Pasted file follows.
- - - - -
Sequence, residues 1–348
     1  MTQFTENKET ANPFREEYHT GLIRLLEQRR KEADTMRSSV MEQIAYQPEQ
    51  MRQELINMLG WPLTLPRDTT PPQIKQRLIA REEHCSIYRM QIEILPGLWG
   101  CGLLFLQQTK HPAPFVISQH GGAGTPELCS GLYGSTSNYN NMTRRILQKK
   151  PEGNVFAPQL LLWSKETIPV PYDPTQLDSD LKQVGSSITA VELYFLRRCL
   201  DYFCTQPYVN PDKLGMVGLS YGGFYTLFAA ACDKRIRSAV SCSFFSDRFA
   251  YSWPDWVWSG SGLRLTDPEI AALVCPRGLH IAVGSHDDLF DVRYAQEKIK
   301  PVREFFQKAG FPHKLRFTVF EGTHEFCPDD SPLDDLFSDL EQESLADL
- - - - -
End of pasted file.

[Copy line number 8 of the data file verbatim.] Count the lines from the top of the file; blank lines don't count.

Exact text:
   301  PVREFFQKAG FPHKLRFTVF EGTHEFCPDD SPLDDLFSDL EQESLADL